Katherine MacAlister talks to Gregg Wallace about the highs and lows of his career.

DO YOU know what I get asked more than anything else? Why do I have to wear a hairnet in the factory when I don’t have any hair,” Gregg Wallace tells me roaring with laughter.

The famous foodie TV presenter, best known for his 13-year stint on MasterChef, is talking about the second string to his bow Inside The Factory, the third being Eat More For Less.

And yet despite his burgeoning workload, we are here to discuss his new ‘Evening With’ style stage show, coming to The Theatre in Chipping Norton tomorrow night.

And yet surely he’s got enough on his plate at present? Why pack more into a workload which would have most TV presenters gurning in jealousy?

“I just can’t help myself,” he grins. “There are so many things I like to do and I don’t have an off switch.

I’m just interested in lots of different things and really enjoy the creative side. It’s quite addictive.”

And then he pauses: “Or maybe it’s because I didn’t have a particularly good start in life.”

But doesn’t Gregg come from wholesome greengrocer’s stock? “No, I got kicked out of school and home aged 15 with no qualifications and had to fend for myself.”

And with that bombshell, all my preconceptions about Gregg Wallace disappeared, replaced by a million other questions – what did he do? Where did he live? How did he cope? How did he start his business and make something of himself with nothing? Why does he have such a positive outlook after such a poor start in life? And does he talk about all this in his show?

“No, most people just want to know how I got on TV and to be honest I don’t usually get this deep,” he shrugs.

“But my parents were splitting up at the time and I didn’t deal with it very well. Until then I’d been a model grammar school boy but then I became unmanageable. And once I’d

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been kicked out I had to sofa surf and find a career fast. But it wasn’t easy.”

So what did he do? “I looked in the Evening Standard and applied for a job delivering fruit and veg. I soon realised that alone wasn’t going to buy me the house and car, or the security I needed, so I started hanging out in restaurant kitchens talking to the chefs to find out what they needed. I fell in love with the camaraderie and the atmosphere, and started going to France to buy the produce for them myself, and it all went from there. By the age of 24 I had my own company,” he says matter-of-factly, as if anyone could do the same.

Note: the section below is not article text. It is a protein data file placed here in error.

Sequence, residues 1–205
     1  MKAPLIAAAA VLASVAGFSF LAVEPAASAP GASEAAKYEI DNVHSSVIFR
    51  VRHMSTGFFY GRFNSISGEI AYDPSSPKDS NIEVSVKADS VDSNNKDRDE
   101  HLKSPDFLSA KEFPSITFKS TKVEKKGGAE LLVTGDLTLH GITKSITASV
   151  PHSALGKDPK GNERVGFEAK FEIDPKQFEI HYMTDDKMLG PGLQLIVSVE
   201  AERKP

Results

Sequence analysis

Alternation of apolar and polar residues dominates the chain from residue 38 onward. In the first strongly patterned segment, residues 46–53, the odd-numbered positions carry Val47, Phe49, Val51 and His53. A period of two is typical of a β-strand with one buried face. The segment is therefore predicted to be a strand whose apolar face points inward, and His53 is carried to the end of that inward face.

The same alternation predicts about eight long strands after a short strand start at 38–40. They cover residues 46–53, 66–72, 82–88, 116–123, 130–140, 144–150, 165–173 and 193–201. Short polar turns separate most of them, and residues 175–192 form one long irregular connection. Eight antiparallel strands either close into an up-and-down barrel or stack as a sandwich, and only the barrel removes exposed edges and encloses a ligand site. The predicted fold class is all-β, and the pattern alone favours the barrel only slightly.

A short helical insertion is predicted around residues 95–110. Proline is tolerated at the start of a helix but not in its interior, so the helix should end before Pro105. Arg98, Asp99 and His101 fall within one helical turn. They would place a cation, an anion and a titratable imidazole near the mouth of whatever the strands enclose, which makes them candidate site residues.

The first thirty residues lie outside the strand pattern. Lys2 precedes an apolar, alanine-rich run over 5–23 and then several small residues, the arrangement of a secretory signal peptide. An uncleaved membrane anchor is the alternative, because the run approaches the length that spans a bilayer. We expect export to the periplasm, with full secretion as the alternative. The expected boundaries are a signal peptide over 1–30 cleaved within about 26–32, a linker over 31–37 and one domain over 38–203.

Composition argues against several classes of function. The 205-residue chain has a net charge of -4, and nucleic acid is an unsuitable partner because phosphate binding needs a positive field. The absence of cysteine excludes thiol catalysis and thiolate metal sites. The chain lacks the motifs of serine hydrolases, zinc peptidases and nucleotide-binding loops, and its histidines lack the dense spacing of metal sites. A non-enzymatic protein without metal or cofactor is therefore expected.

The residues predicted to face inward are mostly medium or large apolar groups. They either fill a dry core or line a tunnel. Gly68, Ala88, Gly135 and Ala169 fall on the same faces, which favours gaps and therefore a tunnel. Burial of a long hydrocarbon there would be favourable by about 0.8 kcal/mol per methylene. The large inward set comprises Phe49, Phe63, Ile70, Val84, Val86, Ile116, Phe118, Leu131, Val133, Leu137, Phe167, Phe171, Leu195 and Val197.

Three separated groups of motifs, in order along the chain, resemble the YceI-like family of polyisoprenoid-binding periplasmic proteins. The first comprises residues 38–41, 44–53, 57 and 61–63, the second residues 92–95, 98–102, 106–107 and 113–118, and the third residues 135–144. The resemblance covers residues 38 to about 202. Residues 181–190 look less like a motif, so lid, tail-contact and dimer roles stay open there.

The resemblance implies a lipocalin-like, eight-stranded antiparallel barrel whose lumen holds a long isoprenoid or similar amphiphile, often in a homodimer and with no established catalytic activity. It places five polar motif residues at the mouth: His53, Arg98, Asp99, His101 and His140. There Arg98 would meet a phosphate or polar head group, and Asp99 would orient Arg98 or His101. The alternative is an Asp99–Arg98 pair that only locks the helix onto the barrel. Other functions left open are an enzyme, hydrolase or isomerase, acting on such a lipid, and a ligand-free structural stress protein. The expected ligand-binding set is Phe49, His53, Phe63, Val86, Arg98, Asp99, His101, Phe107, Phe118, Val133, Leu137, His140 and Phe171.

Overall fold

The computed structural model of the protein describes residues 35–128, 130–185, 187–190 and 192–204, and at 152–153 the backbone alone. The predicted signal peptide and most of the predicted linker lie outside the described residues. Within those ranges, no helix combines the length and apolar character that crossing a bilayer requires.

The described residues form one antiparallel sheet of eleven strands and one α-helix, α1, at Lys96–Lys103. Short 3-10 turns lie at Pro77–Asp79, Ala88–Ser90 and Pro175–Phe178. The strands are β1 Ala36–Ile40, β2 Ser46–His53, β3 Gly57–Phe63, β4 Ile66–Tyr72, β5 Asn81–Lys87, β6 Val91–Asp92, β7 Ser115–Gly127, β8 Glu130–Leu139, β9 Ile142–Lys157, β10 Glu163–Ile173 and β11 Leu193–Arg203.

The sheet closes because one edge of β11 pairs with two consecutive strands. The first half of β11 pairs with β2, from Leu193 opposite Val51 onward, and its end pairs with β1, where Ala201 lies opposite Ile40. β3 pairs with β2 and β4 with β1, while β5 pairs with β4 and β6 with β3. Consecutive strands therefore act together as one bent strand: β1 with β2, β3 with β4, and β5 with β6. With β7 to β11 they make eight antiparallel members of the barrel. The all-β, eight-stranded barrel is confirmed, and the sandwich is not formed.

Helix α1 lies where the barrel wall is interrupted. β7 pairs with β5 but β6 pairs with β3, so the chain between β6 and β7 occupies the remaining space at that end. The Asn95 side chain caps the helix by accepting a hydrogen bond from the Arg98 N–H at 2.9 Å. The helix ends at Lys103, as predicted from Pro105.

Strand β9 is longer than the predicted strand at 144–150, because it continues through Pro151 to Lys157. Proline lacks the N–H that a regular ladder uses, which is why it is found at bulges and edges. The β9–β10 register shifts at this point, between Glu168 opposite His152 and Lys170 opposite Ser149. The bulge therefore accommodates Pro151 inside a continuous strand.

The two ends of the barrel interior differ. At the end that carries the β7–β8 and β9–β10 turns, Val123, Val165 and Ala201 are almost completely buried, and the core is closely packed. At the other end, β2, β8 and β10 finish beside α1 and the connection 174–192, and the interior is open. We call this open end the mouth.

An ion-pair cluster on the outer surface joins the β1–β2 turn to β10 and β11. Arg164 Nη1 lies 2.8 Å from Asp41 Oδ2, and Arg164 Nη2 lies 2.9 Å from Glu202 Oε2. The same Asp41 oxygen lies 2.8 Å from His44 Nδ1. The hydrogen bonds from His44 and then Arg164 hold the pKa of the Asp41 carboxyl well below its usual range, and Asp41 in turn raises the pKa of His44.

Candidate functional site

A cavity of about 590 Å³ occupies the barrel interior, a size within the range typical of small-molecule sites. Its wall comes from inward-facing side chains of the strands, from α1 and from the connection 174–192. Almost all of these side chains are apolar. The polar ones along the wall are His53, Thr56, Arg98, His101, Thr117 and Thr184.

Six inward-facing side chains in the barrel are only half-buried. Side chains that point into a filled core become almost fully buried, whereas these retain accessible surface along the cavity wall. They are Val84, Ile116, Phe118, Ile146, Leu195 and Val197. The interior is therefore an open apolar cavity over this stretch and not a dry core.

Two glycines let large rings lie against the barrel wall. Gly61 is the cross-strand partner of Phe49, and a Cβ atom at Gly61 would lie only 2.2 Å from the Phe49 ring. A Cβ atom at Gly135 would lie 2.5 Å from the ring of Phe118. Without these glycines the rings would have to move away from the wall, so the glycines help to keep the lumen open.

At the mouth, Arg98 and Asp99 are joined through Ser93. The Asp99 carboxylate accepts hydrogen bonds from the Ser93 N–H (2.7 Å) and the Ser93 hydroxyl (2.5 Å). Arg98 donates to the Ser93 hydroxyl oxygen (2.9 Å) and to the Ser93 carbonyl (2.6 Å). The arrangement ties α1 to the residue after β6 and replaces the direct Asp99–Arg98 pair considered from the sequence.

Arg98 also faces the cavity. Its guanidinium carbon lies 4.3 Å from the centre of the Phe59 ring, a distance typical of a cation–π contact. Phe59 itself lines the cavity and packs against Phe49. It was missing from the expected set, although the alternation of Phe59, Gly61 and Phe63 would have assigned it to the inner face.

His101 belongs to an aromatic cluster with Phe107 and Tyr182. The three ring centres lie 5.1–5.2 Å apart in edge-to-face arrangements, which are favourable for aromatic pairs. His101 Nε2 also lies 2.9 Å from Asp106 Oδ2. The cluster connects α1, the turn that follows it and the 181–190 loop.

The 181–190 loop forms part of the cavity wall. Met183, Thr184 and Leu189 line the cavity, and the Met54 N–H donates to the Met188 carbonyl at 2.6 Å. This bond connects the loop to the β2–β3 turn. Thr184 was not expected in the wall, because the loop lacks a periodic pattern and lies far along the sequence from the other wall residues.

“And then I had the money to start eating out in these fancy restaurants three to four nights a week, and it was easier to meet women that way. I loved it.”

But doesn’t he think that’s remarkable in itself, to go from homeless to company director so quickly? “It does seem incredibly brave now,” Gregg admits, “but at the time it was an absolute necessity. It was the only way to salvage the situation. No one had taught me how to go about earning money,” the South-Londoner tells me.

“But now that I’m bringing my own children up it has finally dawned on me how young 15/16 was to be fending for myself.”

Not that he has let his traumatic early years determine the rest of his life, instead turning it into a triumph.

And what of his Masterchef reign with legendary chef John Torode of over a decade? “It’s amazing how far you can get with a smile, but I absolutely love it. I really do. I always liken it to backgammon - the pieces are always the same but you always play a different game every time. But I think it's secret is its honesty.

“In fact, a woman at my last show said she could always tell whether I liked the dishes on Masterchef by how long I kept my fork in my mouth. And I had to watch the programmes back to see if that was the case. And she was right,” he laughs.

As gregarious in real life as his is on TV, Gregg’s private life has been as colourful, with four marriages under his belt. Too enthusiastic maybe? “That’s what people think isn’t it, that I just rushed into it?

“But I haven’t changed. I was married to my first wife for 14 years and courted my second for two. But I really have won the lottery this time. My wife Anne Marie loves me for exactly who I am. It was just a case of finding the right woman.”

Gregg Wallace is at The Theatre Chipping Norton on Friday September 20.

01608 642350 or chippingnortontheatre.com